FBI: 3 Women Probably Dead

An FBI agent says that three women who disappeared nearly two weeks ago during a trip to Yosemite National Park likely were the victims of a crime and are probably dead. But the state's top FBI agent says investigators "won't stop until we find out what happened."

Carole Sund, 43, her 15-year-old daughter, Julie, and Silvina Pelosso, a 16-year-old family friend from Argentina, were last seen Feb. 15 in rural El Portal, leaving a restaurant near the lodge where they were staying.

The woman and the two teens were reported missing Feb. 17, a day after they missed a rendezvous with other family members at San Francisco International Airport. A black leather billfold containing Mrs. Sund's credit cards and various IDs was found Feb. 19 on a city street in Modesto, about a two-hour drive west of El Portal.

Though investigators "don't have...concrete evidence that a crime occurred, we are all operating under the assumption that a crime did occur," agent James M. Maddock said Sunday.

"It would be accurate to say we suspect foul play... I hope that gives you a sense of where we're headed," he said. "I told the family we won't stop until we find out what happened, and I'm confident that we will."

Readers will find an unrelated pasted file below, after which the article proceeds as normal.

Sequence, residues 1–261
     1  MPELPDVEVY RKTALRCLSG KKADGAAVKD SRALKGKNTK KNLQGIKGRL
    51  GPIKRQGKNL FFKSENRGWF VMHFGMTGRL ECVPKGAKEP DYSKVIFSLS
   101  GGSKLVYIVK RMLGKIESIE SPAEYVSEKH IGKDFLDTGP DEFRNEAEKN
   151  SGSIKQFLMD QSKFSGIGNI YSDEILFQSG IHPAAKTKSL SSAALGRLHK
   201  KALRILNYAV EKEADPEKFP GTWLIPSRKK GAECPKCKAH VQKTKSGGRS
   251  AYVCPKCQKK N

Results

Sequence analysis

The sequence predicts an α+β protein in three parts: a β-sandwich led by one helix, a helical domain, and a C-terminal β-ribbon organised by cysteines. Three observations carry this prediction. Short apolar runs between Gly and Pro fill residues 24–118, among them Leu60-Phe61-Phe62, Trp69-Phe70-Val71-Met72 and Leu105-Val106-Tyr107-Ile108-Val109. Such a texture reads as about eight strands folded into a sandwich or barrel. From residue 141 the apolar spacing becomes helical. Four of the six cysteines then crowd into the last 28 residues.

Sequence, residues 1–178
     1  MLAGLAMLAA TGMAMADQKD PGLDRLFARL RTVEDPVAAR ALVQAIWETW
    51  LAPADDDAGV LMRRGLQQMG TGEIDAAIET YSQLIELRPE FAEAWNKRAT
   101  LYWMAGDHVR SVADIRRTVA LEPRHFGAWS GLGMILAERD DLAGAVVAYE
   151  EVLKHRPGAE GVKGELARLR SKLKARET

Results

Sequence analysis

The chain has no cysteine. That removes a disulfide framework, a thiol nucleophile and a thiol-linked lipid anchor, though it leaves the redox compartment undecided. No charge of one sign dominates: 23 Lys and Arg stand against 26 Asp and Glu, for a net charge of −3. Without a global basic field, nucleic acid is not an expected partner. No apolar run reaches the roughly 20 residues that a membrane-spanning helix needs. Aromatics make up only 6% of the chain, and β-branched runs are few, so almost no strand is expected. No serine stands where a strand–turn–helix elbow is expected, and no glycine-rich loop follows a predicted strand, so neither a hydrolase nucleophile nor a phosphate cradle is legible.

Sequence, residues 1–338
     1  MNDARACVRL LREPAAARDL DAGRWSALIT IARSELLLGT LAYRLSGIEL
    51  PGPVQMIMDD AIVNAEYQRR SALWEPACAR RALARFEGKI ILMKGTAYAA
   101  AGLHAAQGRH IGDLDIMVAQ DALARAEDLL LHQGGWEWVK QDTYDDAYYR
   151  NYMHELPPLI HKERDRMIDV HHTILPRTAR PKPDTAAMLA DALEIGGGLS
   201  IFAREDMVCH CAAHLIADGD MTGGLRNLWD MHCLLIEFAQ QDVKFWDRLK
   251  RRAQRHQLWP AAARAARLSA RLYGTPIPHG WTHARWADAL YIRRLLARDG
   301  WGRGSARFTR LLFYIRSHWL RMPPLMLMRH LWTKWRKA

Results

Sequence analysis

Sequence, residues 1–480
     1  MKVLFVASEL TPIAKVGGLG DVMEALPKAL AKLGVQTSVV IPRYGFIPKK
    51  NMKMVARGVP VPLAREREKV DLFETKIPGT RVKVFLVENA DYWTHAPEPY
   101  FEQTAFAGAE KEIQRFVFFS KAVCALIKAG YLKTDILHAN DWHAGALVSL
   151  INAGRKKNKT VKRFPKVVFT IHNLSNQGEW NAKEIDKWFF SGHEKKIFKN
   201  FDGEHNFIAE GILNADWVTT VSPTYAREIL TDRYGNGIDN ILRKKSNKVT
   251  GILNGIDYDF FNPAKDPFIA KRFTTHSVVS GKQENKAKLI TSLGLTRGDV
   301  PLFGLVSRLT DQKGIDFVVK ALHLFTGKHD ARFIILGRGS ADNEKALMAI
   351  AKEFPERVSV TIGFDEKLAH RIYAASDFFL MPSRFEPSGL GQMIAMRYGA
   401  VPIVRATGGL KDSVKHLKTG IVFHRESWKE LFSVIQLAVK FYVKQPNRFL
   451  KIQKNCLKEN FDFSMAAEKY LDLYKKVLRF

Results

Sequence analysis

More than 50 FBI agents have been working on the case. The women's relatives had converged on the area to help in the search.

Now, they "understand that the probability of their loved ones being alive after this length of time is very small," Maddock said. "But we always hold out that hope that a miracle could occur."

Mrs. Sund's father, Francis Carrington, told ABC-TV's Good Morning America Monday that the FBI conducted routine lie detector tests on at least three family members without finding anything amiss.

"I feel they've cleared everyone," he said. "I can see no possibility there whatsoever." He said he thought the FBI would solve the case.

CBS News Correspondent Vince Gonzales reports that Carole Sund's husband, Jens Sund, and several members of her prominent Northern California real estate family, the Carringtons, are offering a $250,000 reward for information leading to the safe return of the women.

"It's been a constant roller-coaster ride of emotions, fears, and hopes," Jens Sund said on Sunday.

Sund said his wife would never change her plans on a whim.

"She organizes my life, people's lives around hers, the children. It's just very unusual that she wouldn't stick to her planned itinerary," he said.

Raquel Pelosso, a longtime family friend of the Sunds, spent a 19-hour journey from Argentina to the U.S. worrying about her daughter, reports CBS affiliate KOVR-TV in Sacramento.

"At the beginning, we thought it might have been an accident," she said earlier this week. "Something else may have happened. I don't know."